The 5-3-2 Rule of Social Sharing
A well-established norm of social media sharing is the 5-3-2 rule. This means 5 posts should come from other relevant sources, 3 posts should talk about your brand, and 2 posts should be personal and less formal – even humorous.
If there’s one thing we’ve learned about social media marketing strategy, it is to focus on the social community. You should prioritize the content they want to see; not just the content you have. Adding a little diversity to your posts promotes the impression that you know your stuff and that you’re engaged in the industry as a whole.
The least social media automation can do is to save time so you can have more for other important areas of your business. This is why there should be no automation campaign without a tool that executes a specified task when triggered.
IFTTT is a popular tool that will help you do just this and more. It is complete with everything you need for a broad range of automated tasks like sharing a tweet whenever a new article gets published. Another good alternative would be Zapier which supports over 250 services for automated tasks that can be used either as a trigger or as the ensuing task.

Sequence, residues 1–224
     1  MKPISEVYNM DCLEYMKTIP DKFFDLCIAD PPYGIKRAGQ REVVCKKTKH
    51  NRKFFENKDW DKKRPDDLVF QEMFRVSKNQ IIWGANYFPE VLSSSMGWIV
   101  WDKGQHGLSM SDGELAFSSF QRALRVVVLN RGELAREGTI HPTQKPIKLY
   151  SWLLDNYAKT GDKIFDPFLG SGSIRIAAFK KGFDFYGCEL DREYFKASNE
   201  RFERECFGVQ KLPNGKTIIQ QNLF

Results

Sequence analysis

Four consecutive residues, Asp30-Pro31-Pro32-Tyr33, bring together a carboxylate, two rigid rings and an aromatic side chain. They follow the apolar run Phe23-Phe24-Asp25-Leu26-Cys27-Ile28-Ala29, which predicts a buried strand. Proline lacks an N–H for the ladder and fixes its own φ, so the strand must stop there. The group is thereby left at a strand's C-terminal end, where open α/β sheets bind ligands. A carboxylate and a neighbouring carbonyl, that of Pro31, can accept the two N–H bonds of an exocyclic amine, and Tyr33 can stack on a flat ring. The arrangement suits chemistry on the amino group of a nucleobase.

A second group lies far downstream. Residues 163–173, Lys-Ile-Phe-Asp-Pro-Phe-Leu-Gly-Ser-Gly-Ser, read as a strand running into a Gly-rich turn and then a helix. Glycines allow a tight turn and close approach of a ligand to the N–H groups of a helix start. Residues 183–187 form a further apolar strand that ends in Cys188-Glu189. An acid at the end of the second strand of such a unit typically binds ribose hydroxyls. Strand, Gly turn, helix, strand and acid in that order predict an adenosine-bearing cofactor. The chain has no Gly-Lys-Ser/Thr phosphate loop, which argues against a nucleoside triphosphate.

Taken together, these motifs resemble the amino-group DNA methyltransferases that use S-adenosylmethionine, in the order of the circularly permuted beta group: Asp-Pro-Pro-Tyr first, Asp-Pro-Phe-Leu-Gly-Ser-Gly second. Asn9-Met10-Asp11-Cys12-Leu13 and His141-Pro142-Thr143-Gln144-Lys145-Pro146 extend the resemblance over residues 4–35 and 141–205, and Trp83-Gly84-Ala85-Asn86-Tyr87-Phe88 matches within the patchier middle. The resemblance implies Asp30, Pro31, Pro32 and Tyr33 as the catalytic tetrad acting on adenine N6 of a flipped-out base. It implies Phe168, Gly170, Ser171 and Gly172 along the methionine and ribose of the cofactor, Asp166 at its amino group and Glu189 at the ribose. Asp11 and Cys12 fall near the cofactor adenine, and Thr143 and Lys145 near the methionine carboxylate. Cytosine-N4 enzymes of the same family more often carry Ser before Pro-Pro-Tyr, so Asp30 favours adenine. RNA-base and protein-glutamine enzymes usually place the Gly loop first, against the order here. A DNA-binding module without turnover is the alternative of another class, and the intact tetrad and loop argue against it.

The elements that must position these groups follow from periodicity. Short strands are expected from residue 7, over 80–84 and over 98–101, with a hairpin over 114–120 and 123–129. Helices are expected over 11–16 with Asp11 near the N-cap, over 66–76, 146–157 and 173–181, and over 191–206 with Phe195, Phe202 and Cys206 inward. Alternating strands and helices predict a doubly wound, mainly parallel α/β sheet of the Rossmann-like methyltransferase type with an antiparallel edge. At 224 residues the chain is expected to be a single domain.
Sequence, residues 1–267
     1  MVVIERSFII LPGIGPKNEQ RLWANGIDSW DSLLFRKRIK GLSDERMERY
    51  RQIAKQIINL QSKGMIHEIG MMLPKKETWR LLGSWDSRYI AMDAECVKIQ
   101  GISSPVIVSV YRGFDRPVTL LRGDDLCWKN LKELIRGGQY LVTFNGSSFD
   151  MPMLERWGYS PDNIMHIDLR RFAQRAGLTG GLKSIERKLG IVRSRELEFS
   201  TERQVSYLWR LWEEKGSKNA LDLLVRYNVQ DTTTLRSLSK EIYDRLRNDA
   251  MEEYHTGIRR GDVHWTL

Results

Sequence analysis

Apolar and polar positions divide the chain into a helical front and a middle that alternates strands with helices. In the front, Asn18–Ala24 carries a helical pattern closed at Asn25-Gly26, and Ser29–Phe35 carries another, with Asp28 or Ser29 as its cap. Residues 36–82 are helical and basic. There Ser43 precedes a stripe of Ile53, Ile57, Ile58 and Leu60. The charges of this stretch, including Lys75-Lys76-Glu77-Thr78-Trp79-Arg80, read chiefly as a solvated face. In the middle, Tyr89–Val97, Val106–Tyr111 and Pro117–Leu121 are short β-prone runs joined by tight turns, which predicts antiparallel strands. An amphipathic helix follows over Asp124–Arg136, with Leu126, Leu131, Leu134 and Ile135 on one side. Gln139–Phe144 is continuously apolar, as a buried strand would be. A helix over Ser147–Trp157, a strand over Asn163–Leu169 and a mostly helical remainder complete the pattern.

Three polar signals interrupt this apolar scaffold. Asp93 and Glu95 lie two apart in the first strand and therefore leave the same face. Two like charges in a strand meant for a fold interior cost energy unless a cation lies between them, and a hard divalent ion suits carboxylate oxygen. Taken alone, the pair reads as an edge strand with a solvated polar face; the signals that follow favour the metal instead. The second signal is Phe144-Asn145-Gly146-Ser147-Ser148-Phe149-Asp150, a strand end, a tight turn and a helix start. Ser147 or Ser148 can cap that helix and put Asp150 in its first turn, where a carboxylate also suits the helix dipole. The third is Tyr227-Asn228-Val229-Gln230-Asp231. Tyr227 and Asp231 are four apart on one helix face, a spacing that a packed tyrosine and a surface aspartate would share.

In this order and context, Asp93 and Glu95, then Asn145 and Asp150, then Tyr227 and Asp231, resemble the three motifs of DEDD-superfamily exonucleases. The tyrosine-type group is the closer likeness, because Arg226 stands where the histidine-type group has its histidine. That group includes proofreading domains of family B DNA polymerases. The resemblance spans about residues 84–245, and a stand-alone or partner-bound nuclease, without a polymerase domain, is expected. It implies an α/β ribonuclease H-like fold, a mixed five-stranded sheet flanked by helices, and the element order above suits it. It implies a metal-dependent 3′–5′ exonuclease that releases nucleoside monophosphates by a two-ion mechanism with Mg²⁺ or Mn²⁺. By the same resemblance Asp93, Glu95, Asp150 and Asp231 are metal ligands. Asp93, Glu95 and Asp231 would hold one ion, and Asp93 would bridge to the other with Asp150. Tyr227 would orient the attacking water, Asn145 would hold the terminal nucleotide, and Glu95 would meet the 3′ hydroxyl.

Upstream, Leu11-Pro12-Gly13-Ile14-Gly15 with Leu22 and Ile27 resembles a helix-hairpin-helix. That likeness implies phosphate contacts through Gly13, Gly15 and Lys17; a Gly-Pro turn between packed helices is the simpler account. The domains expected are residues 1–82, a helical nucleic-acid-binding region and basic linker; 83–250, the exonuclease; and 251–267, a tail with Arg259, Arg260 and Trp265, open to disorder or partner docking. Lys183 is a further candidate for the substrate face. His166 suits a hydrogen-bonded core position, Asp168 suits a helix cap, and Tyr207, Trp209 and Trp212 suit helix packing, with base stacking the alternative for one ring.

While both tools will help you get things done faster, you need to use them with discretion. For example, feeding Twitter to your Facebook using IFTTT will bring up formatting issues that might confuse your Facebook fans.
The reason behind plugging your Twitter feed to Facebook may be sound, but if it compromises the consistency of the message, then it is not worth automating this process.
That said, it is best to test out the tasks you plan on automating before implementing them in your strategy.
Finally, remember that your constant involvement with your social media marketing is a must. You don’t have to always be present, but you should be when it counts. A useful tool to help you keep track of your social presence is Mention, which also enables you to identify the top influencer whenever your brand gets mentioned somewhere on the internet.